If treatment hasn't worked and you still have painful symptoms after a year, your GP may refer you to either an orthopaedic surgeon, a surgeon who specialises in surgery that involves bones, muscles and joints, a podiatric surgeon, a podiatrist who specialises in foot surgery. Surgery is sometimes recommended for professional athletes and other sportspeople whose heel pain is adversely affecting their career. Plantar release surgery. Plantar release surgery is the most widely used type of surgery for heel pain. The surgeon will cut the fascia to release it from your heel bone and reduce the tension in your plantar fascia. This should reduce any inflammation and relieve your painful symptoms. Surgery can be performed either as, open surgery, where the section of the plantar fascia is released by making a cut into your heel, endoscopic or minimal incision surgery - where a smaller incision is made and special instruments are inserted through the incision to gain access to the plantar fascia. Endoscopic or minimal incision surgery has a quicker recovery time, so you will be able to walk normally much sooner (almost immediately), compared with two to three weeks for open surgery. A disadvantage of endoscopic surgery is that it requires both a specially trained surgical team and specialised equipment, so you may have to wait longer for treatment than if you were to choose open surgery. Endoscopic surgery also carries a higher risk of damaging nearby nerves, which could result in symptoms such as numbness, tingling or some loss of movement in your foot. As with all surgery, plantar release carries the risk of causing complications such as infection, nerve damage and a worsening of your symptoms after surgery (although this is rare). You should discuss the advantages and disadvantages of both techniques with your surgical team. Extracorporeal shockwave therapy (EST) is a fairly new type of non-invasive treatment. Non-invasive means it does not involve making cuts into your body. EST involves using a device to deliver high-energy soundwaves into your heel. The soundwaves can sometimes cause pain, so a local anaesthetic may be used to numb your heel. It is claimed that EST works in two ways. It is thought to, have a "numbing" effect on the nerves that transmit pain signals to your brain, help stimulate and speed up the healing process. However, these claims have not yet been definitively proven. The National Institute for Health and Care Excellence (NICE) has issued guidance about the use of EST for treating plantar fasciitis. NICE states there are no concerns over the safety of EST, but there are uncertainties about how effective the procedure is for treating heel pain. Some studies have reported that EST is more effective than surgery and other non-surgical treatments, while other studies found the procedure to be no better than a placebo (sham treatment).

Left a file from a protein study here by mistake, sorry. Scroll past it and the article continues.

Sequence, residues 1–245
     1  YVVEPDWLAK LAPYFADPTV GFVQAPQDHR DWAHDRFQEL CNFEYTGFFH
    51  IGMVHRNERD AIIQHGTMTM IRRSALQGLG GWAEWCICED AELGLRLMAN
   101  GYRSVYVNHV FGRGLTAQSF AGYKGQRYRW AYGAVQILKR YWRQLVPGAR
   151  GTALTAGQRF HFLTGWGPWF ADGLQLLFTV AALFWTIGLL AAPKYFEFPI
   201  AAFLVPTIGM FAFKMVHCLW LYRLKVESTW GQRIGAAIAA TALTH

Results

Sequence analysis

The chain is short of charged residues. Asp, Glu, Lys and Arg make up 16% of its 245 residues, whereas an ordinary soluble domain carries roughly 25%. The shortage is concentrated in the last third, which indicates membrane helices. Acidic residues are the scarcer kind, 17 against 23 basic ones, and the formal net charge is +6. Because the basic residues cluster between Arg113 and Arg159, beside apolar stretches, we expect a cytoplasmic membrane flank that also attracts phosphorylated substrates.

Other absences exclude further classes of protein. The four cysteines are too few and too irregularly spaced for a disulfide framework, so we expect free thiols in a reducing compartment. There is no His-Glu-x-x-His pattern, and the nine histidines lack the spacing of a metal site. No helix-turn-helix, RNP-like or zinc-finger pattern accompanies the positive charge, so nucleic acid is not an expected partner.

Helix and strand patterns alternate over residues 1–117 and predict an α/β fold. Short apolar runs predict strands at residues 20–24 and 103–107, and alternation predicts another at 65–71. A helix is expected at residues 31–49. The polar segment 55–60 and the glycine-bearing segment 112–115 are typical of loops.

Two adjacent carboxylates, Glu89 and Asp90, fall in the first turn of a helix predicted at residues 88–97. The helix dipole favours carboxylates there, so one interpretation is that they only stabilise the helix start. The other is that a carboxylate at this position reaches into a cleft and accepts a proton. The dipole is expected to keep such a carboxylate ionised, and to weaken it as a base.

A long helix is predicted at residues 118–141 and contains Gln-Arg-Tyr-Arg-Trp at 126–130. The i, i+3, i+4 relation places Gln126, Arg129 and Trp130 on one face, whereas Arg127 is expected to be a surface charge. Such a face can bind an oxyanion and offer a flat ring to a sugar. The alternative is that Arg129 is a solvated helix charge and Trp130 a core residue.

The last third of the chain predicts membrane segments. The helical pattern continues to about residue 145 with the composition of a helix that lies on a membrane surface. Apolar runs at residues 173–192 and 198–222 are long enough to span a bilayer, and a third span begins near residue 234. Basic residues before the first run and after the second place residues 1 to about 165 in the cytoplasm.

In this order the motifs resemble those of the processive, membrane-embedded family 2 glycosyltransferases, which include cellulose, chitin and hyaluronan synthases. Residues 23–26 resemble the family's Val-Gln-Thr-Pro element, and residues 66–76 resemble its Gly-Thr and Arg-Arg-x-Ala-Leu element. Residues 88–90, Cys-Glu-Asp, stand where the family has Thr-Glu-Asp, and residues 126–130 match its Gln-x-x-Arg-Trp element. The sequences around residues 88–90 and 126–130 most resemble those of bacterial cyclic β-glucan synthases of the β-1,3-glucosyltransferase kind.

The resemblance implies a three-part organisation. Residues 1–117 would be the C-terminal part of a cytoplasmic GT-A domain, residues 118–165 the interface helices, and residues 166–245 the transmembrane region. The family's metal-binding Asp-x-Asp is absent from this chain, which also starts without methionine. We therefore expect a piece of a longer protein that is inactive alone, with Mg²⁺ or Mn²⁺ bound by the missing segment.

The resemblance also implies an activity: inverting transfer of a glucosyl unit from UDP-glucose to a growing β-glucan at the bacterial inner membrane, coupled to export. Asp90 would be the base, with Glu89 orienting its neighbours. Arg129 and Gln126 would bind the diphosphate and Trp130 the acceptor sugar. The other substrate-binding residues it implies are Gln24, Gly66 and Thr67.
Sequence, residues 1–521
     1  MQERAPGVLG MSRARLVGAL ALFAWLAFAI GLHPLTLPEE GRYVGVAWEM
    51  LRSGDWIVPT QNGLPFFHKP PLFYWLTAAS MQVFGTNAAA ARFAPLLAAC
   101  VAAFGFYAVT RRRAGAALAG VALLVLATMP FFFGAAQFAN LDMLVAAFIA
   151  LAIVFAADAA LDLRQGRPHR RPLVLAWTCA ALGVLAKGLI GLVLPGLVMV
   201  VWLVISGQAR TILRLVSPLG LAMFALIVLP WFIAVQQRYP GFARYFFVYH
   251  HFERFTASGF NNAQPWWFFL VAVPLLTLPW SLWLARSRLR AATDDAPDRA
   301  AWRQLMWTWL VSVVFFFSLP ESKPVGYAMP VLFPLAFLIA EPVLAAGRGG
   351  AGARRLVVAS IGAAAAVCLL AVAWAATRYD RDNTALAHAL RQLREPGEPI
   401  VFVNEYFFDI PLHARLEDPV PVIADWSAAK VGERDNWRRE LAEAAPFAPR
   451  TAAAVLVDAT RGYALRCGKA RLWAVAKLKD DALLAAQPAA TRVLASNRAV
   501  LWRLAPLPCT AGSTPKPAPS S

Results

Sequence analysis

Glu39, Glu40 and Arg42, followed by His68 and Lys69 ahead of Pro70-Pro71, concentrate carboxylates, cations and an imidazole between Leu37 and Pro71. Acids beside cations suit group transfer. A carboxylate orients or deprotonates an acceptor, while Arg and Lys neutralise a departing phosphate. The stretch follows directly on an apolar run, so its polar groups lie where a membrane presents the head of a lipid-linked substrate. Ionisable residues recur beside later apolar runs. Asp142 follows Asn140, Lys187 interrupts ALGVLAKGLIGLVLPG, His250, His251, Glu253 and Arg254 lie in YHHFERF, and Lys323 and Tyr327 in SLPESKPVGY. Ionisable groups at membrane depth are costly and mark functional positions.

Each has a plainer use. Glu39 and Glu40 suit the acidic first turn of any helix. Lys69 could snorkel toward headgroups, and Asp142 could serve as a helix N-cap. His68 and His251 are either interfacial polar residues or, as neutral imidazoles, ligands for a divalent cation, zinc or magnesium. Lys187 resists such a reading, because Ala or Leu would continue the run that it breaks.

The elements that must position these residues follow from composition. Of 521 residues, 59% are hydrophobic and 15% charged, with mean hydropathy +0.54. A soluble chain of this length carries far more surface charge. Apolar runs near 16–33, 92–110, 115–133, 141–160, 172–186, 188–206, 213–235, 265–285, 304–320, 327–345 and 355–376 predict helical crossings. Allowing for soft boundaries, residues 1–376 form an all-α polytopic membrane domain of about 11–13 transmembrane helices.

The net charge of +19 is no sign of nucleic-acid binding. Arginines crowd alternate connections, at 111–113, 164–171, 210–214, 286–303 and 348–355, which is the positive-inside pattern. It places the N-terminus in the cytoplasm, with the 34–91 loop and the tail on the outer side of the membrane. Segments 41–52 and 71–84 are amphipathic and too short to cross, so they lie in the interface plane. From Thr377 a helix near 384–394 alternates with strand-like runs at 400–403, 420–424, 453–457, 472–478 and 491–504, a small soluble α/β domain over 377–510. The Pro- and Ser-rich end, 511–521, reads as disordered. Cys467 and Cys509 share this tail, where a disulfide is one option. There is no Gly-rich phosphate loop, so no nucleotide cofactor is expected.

Preventing plantar fasciitis is crucial. There are many choices to help prevent the occurrence of this condition, and keep it from returning. One of the most important is maintaining a healthy weight in order to reduce tension on the plantar fascia. In addition, shoes are very important, and should fit well and provide ample cushioning and support throughout the heel, arch, and ball of the foot so that weight is distributed evenly throughout the foot. Try to avoid walking barefoot on hard surfaces and replace old shoes before they wear out, especially shoes that you run or exercise in. When exercising, start off slow and ease into new routines to prevent sudden or excessive stress on tissue. Lastly, keep your calf muscles and the tissue of your feet stretched. Greater flexibility in the tissue makes them less susceptible to damage.